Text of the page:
Knowing your family history can save your life — especially if your parents or grandparents had heart disease. Like many medical conditions, heart problems can run in families, but that doesn’t mean there’s nothing you can do to avoid them.
Everyone has different risk factors, and by finding out if you have heart problems in your family tree, you can take an important first step in managing your risks.Heart problems may run in your family, but that doesn’t mean you can't avoid them. Click To Tweet
What Is a Risk Factor?
A risk factor is something that makes you more or less likely to have, or get, a type of medical condition.
You can’t control some risk factors for heart disease, like your age, gender, or family history. But you can control other risk factors, especially those linked to habits and lifestyle choices, like your weight, blood pressure, cholesterol levels, ability to cope with stress, and smoking.
Am I at Risk of Heart Problems?
Understanding your family history is key to managing your risk factors. A good first step is to find out if your parents, grandparents, and other close relatives, like aunts, uncles, and siblings, have or have had:
- High cholesterol
- High blood pressure
- Heart attack
- Heart rhythm problems
- Heart muscle disease
- A history of blood clots or blood vessel problems
What Can I Do to Lower My Risk of Heart Disease?
You might think that if heart disease runs in your family, there’s nothing you can do to avoid it — but that doesn’t have to be true. You can make many healthy choices that will help keep your risk low.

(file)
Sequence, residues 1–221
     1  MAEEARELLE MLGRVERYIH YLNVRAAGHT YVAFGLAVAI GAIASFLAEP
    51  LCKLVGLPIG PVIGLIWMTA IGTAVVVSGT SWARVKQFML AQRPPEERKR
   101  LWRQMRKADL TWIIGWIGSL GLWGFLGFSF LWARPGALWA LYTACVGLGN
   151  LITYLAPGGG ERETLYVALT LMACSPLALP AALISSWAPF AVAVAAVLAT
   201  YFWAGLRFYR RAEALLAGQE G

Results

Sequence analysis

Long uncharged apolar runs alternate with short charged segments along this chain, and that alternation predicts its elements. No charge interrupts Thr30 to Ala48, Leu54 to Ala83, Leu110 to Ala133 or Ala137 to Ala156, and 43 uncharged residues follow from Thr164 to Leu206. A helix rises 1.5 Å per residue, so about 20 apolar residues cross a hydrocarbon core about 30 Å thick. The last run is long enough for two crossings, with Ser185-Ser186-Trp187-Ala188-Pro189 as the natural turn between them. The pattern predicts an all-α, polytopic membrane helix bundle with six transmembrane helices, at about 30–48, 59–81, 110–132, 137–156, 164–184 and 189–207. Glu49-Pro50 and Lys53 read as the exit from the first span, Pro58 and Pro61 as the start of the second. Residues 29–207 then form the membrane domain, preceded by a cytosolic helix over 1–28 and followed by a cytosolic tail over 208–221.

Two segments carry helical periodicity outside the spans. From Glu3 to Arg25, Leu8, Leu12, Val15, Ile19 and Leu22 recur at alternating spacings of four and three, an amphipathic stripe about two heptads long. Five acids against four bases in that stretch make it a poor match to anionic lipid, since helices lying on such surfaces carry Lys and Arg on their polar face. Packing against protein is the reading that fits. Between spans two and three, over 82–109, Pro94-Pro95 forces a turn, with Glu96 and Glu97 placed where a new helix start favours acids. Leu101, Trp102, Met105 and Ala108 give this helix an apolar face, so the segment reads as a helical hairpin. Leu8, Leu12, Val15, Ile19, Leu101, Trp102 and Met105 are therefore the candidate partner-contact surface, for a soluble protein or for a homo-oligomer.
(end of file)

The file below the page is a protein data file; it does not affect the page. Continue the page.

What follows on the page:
Checkups and screenings
Start with a visit to your doctor, and get regular checkups and screenings to keep an eye on your weight, blood pressure, and cholesterol. You can also talk with your doctor about the signs and symptoms to watch out for, as well as other tests and screenings you may need as you get older.
If you do have a condition that raises your risk, like high blood pressure, follow your doctor’s orders. Stay on your medicine and make sure to get prescriptions refilled before you run out. Never stop taking medicine without talking to your doctor first.
Healthy lifestyle choices and heart health
Because many risk factors for heart disease are linked to lifestyle, you can make healthy choices that keep your risk low.
Eat heart-healthy foods, get regular physical activity, find healthy ways to cope with stress, and quit or avoid using tobacco products. If you struggle with healthy lifestyle choices, talk to your doctor. Many hospitals offer lifestyle management programs to help people stay on track.